Corey Moore Reporter
Corey Moore is a news reporter at KPCC: Southern California Public Radio. Before joining KPCC, Corey worked as a producer and associate editor for "The Tavis Smiley Show" and "News and Notes" at NPR-West in Culver City.
In Washington, DC, Moore worked several years as a news anchor for Metro Networks. He also produced for BET News and the city’s government television station.
Moore earned a BA degree at Wayne State University in his hometown of Detroit, Michigan where he started his broadcast journalism career at two of the city’s top stations, WJLB-radio and WDIV-TV, the local NBC affiliate.
In his spare time, he enjoys screenwriting, his “Drenched” kickboxing class in North Hollywood, legal thriller novels and any old sidesplitting episode of "The Simpsons."
Stories by Corey Moore
People in Bell are remembering City Council candidate Miguel Sanchez. The 34-year-old activist and special ed teacher’s aide died Friday. His relatives say Sanchez suffered from flu-like symptoms.
Bell’s former city attorney Edward Lee testified Friday that he’s unaware how his signature got onto several contracts that increased the salary for former city manager Robert Rizzo.
The city of Bell in southeastern Los Angeles County has attracted national attention since an L.A. Times investigation last year found evidence of rampant corruption among public officials. As Tuesday’s election approaches, more than half a dozen City Council members and managers face allegations of criminal misconduct. Some activists see opportunity in the small city’s crisis.
As testimony continues in the preliminary hearing for several city of Bell officials, the city’s police department is fielding harsh criticism.
The preliminary hearing for Bell city former chief manager Robert Rizzo continued Monday with more testimony about loans he authorized to dozens of city employees. At issue is whether the payouts were legitimate. The city’s administrative services director said the collateral for most loans came from vacation and sick time employees had racked up.
Prelim hearing picks up for ex-Bell city manager Rizzo charged with looting millions of public dollars
A preliminary hearing is scheduled to continue this morning for Robert Rizzo. He’s the former Bell city administrator accused of leading a scam that siphoned more than $5 million in public money. After Rizzo had a medical emergency, the presiding judge cut short last week’s testimony.
Organized labor leaders announced Friday their endorsements of five candidates for Bell City Council. Union reps gathered at LA County Federation of Labor headquarters alongside the candidates they’re supporting. Federation chief Maria Elena Durazo said the candidates are already strong leaders in the city of Bell.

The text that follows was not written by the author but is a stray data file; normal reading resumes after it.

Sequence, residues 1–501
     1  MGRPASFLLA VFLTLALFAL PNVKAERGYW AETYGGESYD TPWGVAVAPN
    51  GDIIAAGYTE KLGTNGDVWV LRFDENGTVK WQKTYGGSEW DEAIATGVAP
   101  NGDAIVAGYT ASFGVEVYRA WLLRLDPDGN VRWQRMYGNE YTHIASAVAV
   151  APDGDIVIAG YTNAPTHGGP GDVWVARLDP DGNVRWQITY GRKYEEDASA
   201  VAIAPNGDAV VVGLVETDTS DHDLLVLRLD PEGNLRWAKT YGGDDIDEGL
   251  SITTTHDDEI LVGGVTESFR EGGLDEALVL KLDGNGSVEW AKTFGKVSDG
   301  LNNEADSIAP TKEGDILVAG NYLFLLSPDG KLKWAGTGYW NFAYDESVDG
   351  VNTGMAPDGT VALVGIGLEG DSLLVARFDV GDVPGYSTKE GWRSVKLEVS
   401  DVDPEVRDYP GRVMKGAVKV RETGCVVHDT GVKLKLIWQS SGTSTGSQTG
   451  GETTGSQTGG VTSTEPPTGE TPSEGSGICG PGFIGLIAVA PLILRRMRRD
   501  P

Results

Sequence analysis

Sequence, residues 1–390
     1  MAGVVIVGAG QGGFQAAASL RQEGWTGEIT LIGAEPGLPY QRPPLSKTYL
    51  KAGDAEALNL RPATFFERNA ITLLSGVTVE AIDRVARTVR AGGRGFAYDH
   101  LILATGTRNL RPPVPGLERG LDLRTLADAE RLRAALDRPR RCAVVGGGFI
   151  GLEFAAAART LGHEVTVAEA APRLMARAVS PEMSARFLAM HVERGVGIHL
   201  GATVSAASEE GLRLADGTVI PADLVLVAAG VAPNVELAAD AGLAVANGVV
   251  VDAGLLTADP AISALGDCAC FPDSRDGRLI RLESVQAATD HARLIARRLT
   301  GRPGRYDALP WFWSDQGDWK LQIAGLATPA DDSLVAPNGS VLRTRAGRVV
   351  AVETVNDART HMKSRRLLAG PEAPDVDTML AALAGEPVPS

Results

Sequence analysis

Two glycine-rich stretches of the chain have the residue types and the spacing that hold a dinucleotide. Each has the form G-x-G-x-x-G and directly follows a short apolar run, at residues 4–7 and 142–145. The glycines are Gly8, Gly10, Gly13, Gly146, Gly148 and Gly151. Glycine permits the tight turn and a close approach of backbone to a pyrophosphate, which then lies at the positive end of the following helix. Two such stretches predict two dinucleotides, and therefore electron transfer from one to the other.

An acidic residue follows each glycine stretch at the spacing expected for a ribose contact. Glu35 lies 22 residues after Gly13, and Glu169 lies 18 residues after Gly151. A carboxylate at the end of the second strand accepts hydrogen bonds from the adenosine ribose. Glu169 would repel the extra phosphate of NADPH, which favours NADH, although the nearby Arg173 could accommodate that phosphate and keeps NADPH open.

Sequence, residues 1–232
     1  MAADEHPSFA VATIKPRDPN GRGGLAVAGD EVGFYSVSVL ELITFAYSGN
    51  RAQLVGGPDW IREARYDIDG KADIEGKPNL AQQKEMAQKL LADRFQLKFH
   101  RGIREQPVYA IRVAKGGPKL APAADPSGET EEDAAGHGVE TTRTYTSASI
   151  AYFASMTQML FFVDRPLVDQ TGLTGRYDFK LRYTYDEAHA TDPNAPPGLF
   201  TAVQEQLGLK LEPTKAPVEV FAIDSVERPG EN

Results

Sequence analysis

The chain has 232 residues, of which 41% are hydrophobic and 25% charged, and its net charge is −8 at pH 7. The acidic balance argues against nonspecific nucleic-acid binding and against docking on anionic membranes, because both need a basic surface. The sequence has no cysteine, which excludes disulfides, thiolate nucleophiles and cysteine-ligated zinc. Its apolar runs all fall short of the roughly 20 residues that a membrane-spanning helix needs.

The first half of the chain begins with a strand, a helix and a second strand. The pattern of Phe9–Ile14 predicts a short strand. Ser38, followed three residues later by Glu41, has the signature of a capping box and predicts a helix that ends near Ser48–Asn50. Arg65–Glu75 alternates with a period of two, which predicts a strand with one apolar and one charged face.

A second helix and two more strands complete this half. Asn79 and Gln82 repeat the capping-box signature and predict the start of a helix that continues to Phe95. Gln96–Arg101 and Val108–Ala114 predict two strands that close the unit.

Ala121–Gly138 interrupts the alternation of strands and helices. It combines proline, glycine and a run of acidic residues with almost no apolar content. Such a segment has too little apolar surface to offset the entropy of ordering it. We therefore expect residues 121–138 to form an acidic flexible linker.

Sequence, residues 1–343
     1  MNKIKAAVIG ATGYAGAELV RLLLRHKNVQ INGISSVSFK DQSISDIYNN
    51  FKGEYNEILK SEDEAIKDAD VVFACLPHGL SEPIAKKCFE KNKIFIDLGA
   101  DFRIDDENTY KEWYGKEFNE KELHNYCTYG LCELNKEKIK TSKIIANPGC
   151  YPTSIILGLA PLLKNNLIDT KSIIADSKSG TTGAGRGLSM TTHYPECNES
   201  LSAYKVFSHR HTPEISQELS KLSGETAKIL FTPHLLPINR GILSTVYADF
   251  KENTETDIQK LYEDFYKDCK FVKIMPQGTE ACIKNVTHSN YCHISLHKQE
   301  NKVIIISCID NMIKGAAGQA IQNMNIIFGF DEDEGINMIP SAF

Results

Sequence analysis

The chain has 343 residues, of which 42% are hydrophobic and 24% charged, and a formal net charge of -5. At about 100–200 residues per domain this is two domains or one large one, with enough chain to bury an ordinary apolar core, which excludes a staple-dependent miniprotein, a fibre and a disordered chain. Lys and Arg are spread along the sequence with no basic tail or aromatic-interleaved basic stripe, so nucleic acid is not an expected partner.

Los Angeles city officials, neighborhood leaders and plenty of kids officially re-opened a newly renovated recreation center at Lafayette Park today. L.A. Mayor Antonio Villaraigosa praised the 15,000-square-foot project.
The preliminary hearing for former Bell City Manager Robert Rizzo - who faces dozens of corruption charges - was cut short Wednesday. Rizzo was taken to the hospital - and some spectators were less than sympathetic.
Former Bell city manager Robert Rizzo was transported by ambulance from a courtroom in downtown Los Angeles during a hearing on allegations against him and several others. Details are sketchy about why the 50-year-old needed urgent medical attention.
At least 2,000 people celebrated Presidents Day at the Richard Nixon Museum and Library in Yorba Linda. A day off from school didn’t mean a day without education for hundreds of students. They gathered for a free daylong history lesson from the Mount Rushmore presidents - including Abe Lincoln, portrayed by a very convincing actor.
The NBA All-Star weekend kicked off Friday in Los Angeles. Current and former basketball stars fanned out across Southern California for community service events, including former All-Star center Dikembe Mutombo, who visited Virgil Middle School near Downtown LA to help with a school cleanup project.
An enthusiastic crowd packed a community center in Bell last night to size up more than a dozen candidates running in the March city elections. All five council seats are open - three as scheduled, and two in a recall. Some residents were leery and others excited as contenders pitched themselves to voters.
A judge has ruled that six current or former Bell City Council members will stand trial on felony charges because they allegedly drew huge salaries for serving on governing boards.
Attorneys questioned a high-ranking city administrator during preliminary hearings Tuesday to determine whether eight Bell city officials should stand trial. They’re accused of scamming millions of dollars from their constituents.